I don’t think Evil of Frankenstein deserves quite as much venom as is sometimes flung its way. It’s a misstep, sure, and a disappointing experiment, sort of like one of the doctor’s many unsuccessful attempts at breathing life into the dead.
But rocky though the 70s may have been for Hammer, Blood from the Mummy’s Tomb is a stand-out that, while perhaps not keeping pace with the company at its best, certainly makes for solid b-movie material.
Meant as the B-side of a horror double feature, Plague of the Zombies was paired with the higher profile Dracula, Prince of Darkness. Plague of the Zombies got lost in the large shadow of Hammer’s vampire juggernaut, but fans have had a chance to go back and re-evaluate the film.
For my money, the double whammy of Curse of Frankenstein and Revenge of Frankenstein represents the high water mark for Hammer horror productions. They’re simply wonderful films, perfectly connected to one another without the sequel being a derivative rehash.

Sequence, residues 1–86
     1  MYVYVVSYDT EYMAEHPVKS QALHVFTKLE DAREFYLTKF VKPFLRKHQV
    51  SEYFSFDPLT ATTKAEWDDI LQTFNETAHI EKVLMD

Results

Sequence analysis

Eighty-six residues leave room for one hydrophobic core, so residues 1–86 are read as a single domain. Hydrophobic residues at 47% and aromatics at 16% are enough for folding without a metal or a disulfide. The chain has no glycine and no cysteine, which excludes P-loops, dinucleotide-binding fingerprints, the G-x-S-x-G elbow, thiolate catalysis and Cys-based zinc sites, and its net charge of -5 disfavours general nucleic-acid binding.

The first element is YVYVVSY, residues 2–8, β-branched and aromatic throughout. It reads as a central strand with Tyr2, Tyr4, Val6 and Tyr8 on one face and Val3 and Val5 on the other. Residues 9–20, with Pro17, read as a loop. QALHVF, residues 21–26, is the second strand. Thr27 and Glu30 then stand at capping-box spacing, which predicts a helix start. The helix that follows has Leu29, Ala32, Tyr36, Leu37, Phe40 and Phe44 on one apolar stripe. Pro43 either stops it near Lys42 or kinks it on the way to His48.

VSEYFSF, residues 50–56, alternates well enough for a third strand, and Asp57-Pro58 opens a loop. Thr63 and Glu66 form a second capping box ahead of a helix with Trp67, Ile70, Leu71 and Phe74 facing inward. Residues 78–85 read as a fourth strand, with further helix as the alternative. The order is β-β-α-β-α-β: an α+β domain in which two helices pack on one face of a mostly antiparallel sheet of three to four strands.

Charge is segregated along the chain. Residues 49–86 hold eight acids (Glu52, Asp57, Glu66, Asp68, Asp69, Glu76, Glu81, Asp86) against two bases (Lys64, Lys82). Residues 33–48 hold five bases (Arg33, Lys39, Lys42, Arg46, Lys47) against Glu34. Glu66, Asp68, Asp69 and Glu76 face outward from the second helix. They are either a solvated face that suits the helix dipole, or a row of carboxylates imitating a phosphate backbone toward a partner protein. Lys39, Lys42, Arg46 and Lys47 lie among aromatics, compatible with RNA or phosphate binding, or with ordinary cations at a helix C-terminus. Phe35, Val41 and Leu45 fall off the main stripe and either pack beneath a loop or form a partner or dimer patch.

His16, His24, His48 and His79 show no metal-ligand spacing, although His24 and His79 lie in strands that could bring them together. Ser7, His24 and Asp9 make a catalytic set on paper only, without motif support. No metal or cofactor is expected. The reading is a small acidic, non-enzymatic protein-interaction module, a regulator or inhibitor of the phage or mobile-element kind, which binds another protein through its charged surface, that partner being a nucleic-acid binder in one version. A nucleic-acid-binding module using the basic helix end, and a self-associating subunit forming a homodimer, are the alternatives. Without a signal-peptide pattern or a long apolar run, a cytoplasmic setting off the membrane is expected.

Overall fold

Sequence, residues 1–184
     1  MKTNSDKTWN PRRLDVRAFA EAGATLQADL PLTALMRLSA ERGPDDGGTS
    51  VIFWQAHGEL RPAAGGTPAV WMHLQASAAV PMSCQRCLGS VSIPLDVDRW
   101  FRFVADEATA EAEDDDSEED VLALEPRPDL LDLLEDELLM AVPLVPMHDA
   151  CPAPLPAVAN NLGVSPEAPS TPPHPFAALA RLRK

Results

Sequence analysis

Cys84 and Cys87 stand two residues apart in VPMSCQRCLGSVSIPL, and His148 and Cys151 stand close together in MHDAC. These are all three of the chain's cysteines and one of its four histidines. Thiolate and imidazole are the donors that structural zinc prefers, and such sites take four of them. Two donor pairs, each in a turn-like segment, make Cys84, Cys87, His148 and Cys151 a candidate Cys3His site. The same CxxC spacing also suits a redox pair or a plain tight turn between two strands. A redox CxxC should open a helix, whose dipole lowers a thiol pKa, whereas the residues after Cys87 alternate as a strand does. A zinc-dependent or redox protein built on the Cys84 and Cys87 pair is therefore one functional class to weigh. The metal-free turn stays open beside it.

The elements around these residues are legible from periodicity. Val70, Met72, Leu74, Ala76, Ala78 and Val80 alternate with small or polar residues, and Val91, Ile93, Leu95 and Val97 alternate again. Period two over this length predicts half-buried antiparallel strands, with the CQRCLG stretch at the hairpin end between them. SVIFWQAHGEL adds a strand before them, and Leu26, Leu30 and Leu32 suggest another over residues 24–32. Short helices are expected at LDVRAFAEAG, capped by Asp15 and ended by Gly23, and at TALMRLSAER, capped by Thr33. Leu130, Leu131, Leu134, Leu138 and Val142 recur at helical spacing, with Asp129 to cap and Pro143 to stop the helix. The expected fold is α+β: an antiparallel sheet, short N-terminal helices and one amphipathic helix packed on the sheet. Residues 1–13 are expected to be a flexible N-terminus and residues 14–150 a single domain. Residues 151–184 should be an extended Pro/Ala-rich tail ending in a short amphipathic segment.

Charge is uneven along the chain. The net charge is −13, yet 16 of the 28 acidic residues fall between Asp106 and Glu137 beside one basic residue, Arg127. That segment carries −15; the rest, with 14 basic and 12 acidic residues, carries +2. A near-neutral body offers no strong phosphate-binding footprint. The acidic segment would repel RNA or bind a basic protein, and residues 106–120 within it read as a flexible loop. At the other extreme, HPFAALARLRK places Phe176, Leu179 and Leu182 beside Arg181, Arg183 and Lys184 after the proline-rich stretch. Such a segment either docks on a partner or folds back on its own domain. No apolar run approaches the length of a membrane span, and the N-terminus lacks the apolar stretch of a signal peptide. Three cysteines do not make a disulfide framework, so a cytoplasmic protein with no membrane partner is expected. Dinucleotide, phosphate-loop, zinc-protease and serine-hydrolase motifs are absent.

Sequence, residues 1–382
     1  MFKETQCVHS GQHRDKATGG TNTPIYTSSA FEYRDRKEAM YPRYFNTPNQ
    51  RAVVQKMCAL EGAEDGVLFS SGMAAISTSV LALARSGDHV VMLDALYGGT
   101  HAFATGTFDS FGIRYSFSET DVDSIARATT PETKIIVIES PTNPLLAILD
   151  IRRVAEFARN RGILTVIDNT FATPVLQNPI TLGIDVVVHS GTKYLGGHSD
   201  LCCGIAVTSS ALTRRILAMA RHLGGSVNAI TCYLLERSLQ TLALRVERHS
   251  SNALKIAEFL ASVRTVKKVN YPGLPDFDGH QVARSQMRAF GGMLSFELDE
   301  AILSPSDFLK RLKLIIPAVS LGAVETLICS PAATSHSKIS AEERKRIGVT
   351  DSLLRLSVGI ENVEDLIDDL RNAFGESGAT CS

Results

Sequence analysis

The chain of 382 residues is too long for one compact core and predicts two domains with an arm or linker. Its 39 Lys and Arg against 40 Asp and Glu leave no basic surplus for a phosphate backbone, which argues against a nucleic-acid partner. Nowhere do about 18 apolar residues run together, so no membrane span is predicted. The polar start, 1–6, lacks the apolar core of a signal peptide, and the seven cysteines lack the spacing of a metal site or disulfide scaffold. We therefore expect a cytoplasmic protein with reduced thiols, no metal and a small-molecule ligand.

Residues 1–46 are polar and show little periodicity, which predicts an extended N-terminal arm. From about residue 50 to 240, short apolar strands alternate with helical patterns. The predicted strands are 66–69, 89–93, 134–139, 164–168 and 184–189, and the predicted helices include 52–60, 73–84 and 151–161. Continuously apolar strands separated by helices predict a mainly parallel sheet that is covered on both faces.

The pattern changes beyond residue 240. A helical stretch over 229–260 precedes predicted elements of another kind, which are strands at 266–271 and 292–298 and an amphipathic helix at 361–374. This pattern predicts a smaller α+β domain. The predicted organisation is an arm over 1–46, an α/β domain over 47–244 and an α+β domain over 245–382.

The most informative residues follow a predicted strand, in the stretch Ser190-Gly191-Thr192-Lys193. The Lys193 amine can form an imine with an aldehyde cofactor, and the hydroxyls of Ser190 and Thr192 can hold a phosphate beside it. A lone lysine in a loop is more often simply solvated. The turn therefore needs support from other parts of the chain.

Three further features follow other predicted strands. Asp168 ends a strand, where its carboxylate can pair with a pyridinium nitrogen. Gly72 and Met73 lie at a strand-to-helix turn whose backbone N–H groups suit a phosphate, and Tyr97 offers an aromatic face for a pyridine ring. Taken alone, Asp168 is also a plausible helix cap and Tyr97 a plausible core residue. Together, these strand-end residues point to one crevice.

There is practically nothing at all on display in this film that is surprising. The plot is a rehash of the tried and true and terribly over-used mummy movie plot involving an expedition that disturbs a mummy’s tomb only to have some mad Arab resurrect the mummy and send it out to kill those who desecrated the temple.
The Ripper has struck again, prompting the drunk who finds the body to exclaim in his best RADA Cockney accent, “Gor blimey, the Ripper! ‘e’s done ‘er in!”
As latter-day Hammer films go, The Vampire Lovers is an entertaining, sexy romp. It relies less on the hammy scare tactics of the later Dracula series and more on the audience’s assumptions.
A chilling tale of lust, sex, murder, betrayal, and an annoying drum that goes ‘boingggg!’
Paul investigates and discovers that all of them were clients of Christine. There’s also the body of a poor sewer man with no dialogue other than “Aarrgghh,” played Michael Ripper.
Callistratus is trying to find a combination of groups that can be transfused into a diseased subject to cure the condition. Pretty sure that’s not really how blood groups work, but never mind.